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I'd like to know what the following means

"Try to be on the ball to have a ball"

I know "Have a ball" means is "Enjoy oneself enormously" and "on the ball" means is "to be quick to understand and to react to things", but I can't understand what is the meaning of the two phrases combined.

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    Hello, Mohammed. Try looking up '[be] on the ball' and 'have a ball' separately. Nov 13 '15 at 13:55
  • Hello,Thanks dear. I know "Have a ball" means is "Enjoy oneself enormously." and "on the ball" means is "to be quick to understand and to react to things", but i can't understand what does mean combination of two phrases. Nov 13 '15 at 14:11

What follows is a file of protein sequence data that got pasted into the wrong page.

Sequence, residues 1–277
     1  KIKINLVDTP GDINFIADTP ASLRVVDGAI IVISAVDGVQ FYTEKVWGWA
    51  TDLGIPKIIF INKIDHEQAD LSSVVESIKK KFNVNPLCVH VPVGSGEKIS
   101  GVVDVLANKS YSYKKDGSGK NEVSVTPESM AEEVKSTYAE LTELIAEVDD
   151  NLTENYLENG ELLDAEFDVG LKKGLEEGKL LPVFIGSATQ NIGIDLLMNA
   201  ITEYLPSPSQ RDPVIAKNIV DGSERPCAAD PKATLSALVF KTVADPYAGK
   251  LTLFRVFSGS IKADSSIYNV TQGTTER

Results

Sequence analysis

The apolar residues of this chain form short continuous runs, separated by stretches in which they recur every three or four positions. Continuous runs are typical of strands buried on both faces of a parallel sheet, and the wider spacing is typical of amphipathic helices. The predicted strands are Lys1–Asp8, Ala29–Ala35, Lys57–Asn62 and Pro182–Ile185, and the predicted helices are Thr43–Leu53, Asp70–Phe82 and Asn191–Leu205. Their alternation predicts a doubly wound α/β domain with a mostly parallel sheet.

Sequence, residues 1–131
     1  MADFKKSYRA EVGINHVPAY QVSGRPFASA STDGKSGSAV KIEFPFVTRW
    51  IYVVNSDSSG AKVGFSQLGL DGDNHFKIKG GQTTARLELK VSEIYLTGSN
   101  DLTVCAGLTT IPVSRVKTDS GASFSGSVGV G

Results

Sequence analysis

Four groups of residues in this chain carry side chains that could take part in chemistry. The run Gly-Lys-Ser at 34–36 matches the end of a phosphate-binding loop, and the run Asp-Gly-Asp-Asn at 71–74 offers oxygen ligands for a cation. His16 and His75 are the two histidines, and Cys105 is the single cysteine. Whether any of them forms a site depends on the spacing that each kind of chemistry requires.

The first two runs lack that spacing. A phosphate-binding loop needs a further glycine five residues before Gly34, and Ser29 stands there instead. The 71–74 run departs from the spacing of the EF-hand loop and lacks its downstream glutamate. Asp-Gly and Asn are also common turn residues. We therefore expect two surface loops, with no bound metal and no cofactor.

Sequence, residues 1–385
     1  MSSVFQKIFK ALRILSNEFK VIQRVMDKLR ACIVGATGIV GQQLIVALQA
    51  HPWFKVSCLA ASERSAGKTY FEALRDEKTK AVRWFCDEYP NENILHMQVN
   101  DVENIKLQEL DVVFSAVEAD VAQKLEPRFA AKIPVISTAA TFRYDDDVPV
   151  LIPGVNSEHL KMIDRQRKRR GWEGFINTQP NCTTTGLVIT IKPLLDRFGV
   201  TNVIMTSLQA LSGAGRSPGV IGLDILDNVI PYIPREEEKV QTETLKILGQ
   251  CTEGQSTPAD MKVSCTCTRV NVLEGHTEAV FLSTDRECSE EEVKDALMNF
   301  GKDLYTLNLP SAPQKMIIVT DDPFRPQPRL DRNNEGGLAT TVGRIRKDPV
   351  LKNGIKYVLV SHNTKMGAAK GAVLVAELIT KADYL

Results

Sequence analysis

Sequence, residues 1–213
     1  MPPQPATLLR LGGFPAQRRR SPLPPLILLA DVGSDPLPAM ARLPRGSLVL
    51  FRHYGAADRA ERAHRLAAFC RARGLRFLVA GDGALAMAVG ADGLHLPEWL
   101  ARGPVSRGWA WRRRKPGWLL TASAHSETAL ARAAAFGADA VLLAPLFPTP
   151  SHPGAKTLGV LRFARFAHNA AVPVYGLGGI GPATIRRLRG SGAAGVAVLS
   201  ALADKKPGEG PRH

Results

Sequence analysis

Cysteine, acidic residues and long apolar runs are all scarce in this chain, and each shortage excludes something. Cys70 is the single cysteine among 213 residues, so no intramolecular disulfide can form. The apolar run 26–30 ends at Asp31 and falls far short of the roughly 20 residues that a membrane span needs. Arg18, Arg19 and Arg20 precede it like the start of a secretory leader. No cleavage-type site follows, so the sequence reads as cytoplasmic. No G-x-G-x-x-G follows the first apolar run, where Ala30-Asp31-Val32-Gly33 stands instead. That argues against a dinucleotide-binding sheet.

• It's combining two idioms. Look up "on the ball" and "have a ball".
    – Hot Licks
    Nov 13 '15 at 14:11
  • @MohammadMehrabi, can you provide more context? Where does the sentence come from?
    – A.P.
    Nov 13 '15 at 14:14
  • Yeah i know, so what is the meaning of combination of two idioms? @HotLicks Nov 13 '15 at 14:15
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As others have noted, it's a play on words using two idioms:

on the ball: knowledgeable and competent : purposively active : alert

(Webster's Unabridged)

have a ball: to ​enjoy yourself very much

(http://dictionary.cambridge.org/dictionary/english/have-a-ball)

The author of the sentence is telling someone they need to be active, alert, or knowledgeable to enjoy themselves. It's difficult to be more specific without further context.

Here's a made-up example: A father is teaching his son to play soccer. The son is a goalie. He can't catch the ball because he's not paying attention. He's not enjoying the game very much, so he starts complaining to his dad, at which point the father says: Try to be on the ball to have a ball, son. (Meaning: be alert, and you'll have a lot of fun.)

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